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Topic: living wage

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September 3, 2013 at 6:05 AM

Raising minimum wage to an arbitrary $15 is not practical

Thursday’s fast-food strike around Seattle didn’t exactly inspire the masses to stand up and demand an immediate increase in the minimum wage. (Read The Seattle Times’ news report on the day’s activities.) As of Friday, more than 700 people voted in an informal survey posted within a Seattle Times news story. The majority were against paying fast-food workers $15 an hour.

Protestors block traffic on E. Pike St. in Seattle during rush hour Thursday Aug. 29, 2013 on their way to Broadway Avenue where they stood outside businesses and encouraged employees to join them in Seattle, Wash. They want the minimum wage to be raised to $15/hour. (AP Photo Seatte Times, Ellen M. Banner)

Protestors block traffic on E. Pike St. in Seattle during rush hour Thursday Aug. 29, 2013 on their way to Broadway Avenue where they stood outside businesses and encouraged employees to join them in Seattle, Wash. They want the minimum wage to be raised to $15/hour. (AP Photo Seatte Times, Ellen M. Banner)

Public opinion changes all the time. If folks have little sympathy for the $15 minimum wage movement right now, perhaps it’s because the discussion is too focused on an arbitrary figure of $15 and not focused enough on investing in education and programs to help people gain the skills they need to compete in today’s economy.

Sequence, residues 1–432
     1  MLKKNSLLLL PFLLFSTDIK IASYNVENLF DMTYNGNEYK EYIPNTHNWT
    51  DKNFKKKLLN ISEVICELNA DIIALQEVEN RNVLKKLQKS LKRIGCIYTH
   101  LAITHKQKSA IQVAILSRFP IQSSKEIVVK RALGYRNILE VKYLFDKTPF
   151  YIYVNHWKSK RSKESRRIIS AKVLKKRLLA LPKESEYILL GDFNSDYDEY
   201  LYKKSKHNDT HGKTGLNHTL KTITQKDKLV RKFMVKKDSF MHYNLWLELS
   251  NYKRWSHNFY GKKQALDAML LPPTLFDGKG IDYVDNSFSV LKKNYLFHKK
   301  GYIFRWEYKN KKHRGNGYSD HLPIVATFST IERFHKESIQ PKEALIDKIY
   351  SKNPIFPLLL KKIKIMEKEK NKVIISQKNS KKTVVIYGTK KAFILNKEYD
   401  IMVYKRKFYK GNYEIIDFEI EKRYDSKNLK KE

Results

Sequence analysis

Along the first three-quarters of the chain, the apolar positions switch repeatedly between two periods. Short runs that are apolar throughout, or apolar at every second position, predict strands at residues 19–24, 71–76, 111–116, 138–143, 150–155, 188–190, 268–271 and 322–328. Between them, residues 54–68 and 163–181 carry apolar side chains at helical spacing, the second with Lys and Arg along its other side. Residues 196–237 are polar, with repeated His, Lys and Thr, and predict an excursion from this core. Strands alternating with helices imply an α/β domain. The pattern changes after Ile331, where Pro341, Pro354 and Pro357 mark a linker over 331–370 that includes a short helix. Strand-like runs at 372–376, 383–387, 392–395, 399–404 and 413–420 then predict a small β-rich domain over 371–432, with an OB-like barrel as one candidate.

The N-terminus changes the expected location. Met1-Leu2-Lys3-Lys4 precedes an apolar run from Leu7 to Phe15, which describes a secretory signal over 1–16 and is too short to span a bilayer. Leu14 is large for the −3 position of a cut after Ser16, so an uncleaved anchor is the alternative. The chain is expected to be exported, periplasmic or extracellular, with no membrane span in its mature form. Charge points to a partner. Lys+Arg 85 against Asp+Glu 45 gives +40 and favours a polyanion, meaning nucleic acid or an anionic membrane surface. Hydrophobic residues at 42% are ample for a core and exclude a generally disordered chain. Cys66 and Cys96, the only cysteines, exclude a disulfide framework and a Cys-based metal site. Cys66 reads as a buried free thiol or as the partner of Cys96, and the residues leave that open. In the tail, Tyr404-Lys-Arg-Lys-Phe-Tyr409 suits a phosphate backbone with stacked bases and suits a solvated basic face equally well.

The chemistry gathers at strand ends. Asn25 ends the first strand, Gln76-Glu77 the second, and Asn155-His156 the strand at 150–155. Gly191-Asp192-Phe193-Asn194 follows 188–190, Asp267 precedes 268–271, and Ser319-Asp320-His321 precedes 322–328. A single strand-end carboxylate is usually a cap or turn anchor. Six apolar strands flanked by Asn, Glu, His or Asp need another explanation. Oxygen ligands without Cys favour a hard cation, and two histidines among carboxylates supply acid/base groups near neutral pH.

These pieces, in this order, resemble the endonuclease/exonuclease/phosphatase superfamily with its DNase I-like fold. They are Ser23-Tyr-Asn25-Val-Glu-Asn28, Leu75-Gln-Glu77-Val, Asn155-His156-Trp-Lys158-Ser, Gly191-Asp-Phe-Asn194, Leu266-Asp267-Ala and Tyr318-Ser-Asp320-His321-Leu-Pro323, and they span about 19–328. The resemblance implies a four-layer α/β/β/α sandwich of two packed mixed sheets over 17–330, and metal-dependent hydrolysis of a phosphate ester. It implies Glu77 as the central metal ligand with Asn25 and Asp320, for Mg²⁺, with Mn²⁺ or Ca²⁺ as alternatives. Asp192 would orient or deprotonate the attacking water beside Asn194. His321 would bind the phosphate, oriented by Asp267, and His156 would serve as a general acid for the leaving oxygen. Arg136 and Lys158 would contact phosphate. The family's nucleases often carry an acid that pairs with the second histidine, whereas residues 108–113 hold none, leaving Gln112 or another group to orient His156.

True, a lot of employees in fast-food restaurants are not moving up. They’re stuck. The answer shouldn’t be to raise wages for all, though. Washington state already boasts the highest minimum wage in the nation — $9.19 compared to the federal rate of $7.25 per hour. We should instead encourage more opportunities for employees to access tools and training to move into higher positions and experience upward mobility. Or consider an incremental approach to raising wages that doesn’t place business owners in the position of suddenly raising payroll costs by 60 percent. How about funding education so that the children of these low-wage workers can break the cycle of poverty? Or free birth control, so that people have the power to decide when they can afford to expand their families?

I grew up watching my parents and their fellow Vietnamese immigrants take on hard-labor jobs by day while attending night school. Family members often lived under the same roof to save money. I spent my teen years and early 20s working in my parents’ restaurant with plenty of other food-service workers. The whole experience reinforced a practical notion: Good employers like flexibility and having the autonomy to decide when they can reward solid workers with raises and promotions — and some workers need an incentive to motivate them to do their best work.

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